In a time of growing political divisions, marijuana legalization remains a unifying issue for most Americans. A Pew Research poll from October revealed that 59% of Americans support recreational legalization, while a staggering 88% support medical marijuana. However, recent ballot measures to legalize marijuana have faced hurdles. In November, recreational cannabis initiatives failed in Arkansas, North Dakota, and South Dakota, only passing in Maryland and Missouri.
Furthermore, in March, Oklahoma witnessed a 23-point decline in support for recreational marijuana. While the polling indicates significant support for legalization, it often falls short in the voting booths. Two key reasons explain these failures: the remaining non-legalized states lean conservative, and opponents have developed effective strategies, particularly in conservative regions.
One notable strategy involves opponents carefully choosing their messengers. In states like North Dakota, the influential Farm Bureau and the North Dakota Medical Association voiced their opposition to legalization. The latter argued that it would hinder drug addiction treatment, a persuasive argument when doctors discuss public health concerns. Moreover, opponents have successfully linked marijuana to public safety issues, playing on voters’ concerns about crime and policing.
For instance, in Oklahoma, opponents portrayed the medical marijuana industry as violent, citing a shooting at a cannabis farm. This narrative resonated with voters who value law enforcement’s perspective. In North Dakota, opponents connected marijuana to impaired driving, capitalizing on the existing concerns about drunken driving. In South Dakota, opponents blamed higher crime rates in other states on recreational marijuana.
Republicans have also emphasized protecting children as a potent argument against legalization. Groups like “Protecting South Dakota Kids” argued that legal marijuana contributes to higher opioid fatality rates among youth. Sheriffs in some states have associated marijuana with methamphetamine and fentanyl.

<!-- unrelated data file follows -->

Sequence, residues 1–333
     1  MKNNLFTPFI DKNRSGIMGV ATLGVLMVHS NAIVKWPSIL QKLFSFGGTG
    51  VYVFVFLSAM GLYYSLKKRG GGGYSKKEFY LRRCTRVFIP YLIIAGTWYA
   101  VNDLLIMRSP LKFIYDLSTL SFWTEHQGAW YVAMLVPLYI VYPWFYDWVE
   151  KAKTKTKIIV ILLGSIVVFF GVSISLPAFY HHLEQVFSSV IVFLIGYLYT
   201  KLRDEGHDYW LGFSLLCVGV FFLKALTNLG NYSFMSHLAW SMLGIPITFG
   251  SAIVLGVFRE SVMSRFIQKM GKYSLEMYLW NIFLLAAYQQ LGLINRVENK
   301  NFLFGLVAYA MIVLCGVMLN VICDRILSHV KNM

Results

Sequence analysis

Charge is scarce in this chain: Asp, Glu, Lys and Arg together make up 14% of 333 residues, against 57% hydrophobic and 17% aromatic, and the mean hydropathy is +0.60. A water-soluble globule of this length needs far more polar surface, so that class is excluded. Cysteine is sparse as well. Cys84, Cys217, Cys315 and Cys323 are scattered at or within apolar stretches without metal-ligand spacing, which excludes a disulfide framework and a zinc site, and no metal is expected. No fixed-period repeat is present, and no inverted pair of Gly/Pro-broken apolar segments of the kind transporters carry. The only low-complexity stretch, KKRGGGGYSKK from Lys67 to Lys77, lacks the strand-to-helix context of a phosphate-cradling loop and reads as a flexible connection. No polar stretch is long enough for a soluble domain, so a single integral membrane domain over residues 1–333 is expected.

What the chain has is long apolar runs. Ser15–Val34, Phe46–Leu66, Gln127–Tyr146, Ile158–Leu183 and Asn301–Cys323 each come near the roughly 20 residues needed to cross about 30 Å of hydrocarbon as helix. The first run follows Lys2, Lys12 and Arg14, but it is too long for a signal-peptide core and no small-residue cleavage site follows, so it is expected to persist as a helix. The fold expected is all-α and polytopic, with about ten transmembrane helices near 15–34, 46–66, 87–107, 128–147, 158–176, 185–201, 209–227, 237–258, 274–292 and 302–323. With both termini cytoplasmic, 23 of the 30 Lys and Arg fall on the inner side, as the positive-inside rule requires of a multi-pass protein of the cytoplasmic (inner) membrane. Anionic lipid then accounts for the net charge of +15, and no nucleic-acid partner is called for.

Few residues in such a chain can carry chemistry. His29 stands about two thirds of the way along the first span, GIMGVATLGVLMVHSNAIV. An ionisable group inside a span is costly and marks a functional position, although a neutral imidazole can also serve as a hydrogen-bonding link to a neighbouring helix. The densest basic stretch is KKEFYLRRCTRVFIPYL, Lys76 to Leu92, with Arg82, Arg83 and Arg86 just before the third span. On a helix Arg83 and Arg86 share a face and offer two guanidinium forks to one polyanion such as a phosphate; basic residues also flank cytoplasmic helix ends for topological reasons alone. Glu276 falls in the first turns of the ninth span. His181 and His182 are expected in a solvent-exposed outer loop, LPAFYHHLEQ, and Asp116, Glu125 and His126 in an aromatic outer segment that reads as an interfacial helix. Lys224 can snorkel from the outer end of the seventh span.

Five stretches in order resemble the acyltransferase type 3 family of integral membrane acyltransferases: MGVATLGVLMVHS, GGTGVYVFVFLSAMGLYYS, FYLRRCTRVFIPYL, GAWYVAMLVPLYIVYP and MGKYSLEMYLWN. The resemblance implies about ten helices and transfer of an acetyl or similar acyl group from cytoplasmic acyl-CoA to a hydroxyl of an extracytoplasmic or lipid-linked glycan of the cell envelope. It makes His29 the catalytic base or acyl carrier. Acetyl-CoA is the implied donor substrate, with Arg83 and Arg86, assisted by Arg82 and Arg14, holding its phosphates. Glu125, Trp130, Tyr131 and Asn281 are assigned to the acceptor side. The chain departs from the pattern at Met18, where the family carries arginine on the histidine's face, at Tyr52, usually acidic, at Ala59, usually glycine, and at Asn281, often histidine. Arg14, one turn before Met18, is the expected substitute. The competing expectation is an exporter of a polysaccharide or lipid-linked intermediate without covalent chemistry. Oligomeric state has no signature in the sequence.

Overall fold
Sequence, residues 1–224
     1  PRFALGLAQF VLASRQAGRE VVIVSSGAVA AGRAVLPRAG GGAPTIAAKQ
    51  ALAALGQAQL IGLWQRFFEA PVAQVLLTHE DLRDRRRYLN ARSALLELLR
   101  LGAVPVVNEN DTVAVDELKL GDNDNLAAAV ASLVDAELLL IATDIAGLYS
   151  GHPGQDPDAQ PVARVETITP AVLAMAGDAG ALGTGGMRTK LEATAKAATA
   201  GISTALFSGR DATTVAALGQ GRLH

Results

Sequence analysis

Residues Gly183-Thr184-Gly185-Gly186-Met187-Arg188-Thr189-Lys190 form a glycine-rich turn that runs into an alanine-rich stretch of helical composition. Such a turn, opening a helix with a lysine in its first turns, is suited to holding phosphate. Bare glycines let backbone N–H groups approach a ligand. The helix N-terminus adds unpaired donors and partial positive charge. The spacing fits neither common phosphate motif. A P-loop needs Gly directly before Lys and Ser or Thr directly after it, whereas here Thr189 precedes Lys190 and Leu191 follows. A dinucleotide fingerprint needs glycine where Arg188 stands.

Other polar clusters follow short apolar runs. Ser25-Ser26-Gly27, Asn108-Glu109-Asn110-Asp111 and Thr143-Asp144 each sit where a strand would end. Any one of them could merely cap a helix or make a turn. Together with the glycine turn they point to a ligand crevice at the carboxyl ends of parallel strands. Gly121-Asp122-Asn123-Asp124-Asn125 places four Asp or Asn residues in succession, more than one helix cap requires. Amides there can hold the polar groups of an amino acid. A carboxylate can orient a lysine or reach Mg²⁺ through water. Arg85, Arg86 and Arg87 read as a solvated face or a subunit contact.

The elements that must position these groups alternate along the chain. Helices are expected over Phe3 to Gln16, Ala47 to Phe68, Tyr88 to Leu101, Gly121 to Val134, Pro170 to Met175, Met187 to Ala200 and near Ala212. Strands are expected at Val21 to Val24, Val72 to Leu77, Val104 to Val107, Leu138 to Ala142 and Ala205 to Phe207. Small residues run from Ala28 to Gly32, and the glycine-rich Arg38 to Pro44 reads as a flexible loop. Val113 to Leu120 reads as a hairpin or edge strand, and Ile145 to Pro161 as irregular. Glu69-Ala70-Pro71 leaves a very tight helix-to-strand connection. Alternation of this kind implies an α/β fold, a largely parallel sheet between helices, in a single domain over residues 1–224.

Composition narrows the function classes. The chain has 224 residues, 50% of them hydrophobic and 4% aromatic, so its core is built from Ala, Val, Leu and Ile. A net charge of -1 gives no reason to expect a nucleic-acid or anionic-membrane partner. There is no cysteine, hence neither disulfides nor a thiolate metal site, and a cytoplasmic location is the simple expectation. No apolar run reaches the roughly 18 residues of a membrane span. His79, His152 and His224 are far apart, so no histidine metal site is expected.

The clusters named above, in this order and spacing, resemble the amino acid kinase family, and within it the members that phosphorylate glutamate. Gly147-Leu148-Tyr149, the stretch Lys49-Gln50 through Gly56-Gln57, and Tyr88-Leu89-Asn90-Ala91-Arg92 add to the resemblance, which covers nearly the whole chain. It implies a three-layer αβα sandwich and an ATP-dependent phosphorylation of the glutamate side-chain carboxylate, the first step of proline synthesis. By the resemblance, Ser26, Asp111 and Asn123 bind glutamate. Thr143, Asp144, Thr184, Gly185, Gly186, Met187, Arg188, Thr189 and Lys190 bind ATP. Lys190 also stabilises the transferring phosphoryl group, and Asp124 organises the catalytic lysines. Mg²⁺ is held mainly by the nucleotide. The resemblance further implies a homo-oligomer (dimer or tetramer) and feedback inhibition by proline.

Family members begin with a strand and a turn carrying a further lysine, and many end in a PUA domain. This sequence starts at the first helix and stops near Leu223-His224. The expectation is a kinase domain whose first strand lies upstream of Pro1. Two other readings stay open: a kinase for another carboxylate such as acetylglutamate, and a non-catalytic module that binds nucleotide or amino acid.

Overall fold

Interestingly, some legalization advocates have opposed specific measures because they disagreed with certain provisions. In Arkansas, for instance, a prominent marijuana activist joined forces with opponents to defeat the state’s legalization proposal, arguing that it favored corporate dispensaries and lacked expungement provisions for prior marijuana convictions, disproportionately impacting Black and brown communities.
To counter these challenges, proponents of legal marijuana in conservative states should reframe the debate. They can emphasize how cannabis taxes will fund critical initiatives like rural infrastructure. Using trusted messengers such as veterans, police chiefs, and Republican prosecutors can underscore the need to end the failed war on drugs, which has benefited drug cartels. Advocates must also ensure their message dominates the discourse, as opponents have become increasingly sophisticated in their tactics.
When Colorado passed Amendment 64 in 2012, some voters misunderstood its purpose. Marijuana legalization advocates must learn from these experiences to effectively frame the debate, especially as opponents continue to refine their strategies.